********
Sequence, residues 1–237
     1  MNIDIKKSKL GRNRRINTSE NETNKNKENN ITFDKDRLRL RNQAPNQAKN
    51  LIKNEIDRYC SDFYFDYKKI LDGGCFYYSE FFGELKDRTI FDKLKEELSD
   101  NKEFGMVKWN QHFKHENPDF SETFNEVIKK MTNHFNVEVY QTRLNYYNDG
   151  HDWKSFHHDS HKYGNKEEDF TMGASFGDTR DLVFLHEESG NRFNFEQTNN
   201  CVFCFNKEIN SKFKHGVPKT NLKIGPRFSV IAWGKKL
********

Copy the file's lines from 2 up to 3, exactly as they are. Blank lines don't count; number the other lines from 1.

     1  MNIDIKKSKL GRNRRINTSE NETNKNKENN ITFDKDRLRL RNQAPNQAKN
    51  LIKNEIDRYC SDFYFDYKKI LDGGCFYYSE FFGELKDRTI FDKLKEELSD